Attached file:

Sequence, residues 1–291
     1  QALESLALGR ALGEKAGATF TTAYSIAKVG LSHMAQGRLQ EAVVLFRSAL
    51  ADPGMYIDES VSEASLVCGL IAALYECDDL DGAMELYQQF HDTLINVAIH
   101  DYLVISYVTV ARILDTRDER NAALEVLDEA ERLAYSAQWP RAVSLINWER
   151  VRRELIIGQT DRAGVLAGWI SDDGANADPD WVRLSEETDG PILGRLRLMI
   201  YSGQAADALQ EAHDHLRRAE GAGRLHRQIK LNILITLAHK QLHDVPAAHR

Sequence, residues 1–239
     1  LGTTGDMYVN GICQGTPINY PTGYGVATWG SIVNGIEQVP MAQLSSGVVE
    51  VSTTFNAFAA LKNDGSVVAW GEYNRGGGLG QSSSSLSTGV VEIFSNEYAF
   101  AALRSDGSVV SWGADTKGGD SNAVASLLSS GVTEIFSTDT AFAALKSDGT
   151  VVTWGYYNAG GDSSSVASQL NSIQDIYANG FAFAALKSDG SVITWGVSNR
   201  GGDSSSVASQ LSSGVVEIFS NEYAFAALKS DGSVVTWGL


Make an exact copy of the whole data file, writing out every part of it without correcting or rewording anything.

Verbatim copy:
Sequence, residues 1–291
     1  QALESLALGR ALGEKAGATF TTAYSIAKVG LSHMAQGRLQ EAVVLFRSAL
    51  ADPGMYIDES VSEASLVCGL IAALYECDDL DGAMELYQQF HDTLINVAIH
   101  DYLVISYVTV ARILDTRDER NAALEVLDEA ERLAYSAQWP RAVSLINWER
   151  VRRELIIGQT DRAGVLAGWI SDDGANADPD WVRLSEETDG PILGRLRLMI
   201  YSGQAADALQ EAHDHLRRAE GAGRLHRQIK LNILITLAHK QLHDVPAAHR

Sequence, residues 1–239
     1  LGTTGDMYVN GICQGTPINY PTGYGVATWG SIVNGIEQVP MAQLSSGVVE
    51  VSTTFNAFAA LKNDGSVVAW GEYNRGGGLG QSSSSLSTGV VEIFSNEYAF
   101  AALRSDGSVV SWGADTKGGD SNAVASLLSS GVTEIFSTDT AFAALKSDGT
   151  VVTWGYYNAG GDSSSVASQL NSIQDIYANG FAFAALKSDG SVITWGVSNR
   201  GGDSSSVASQ LSSGVVEIFS NEYAFAALKS DGSVVTWGL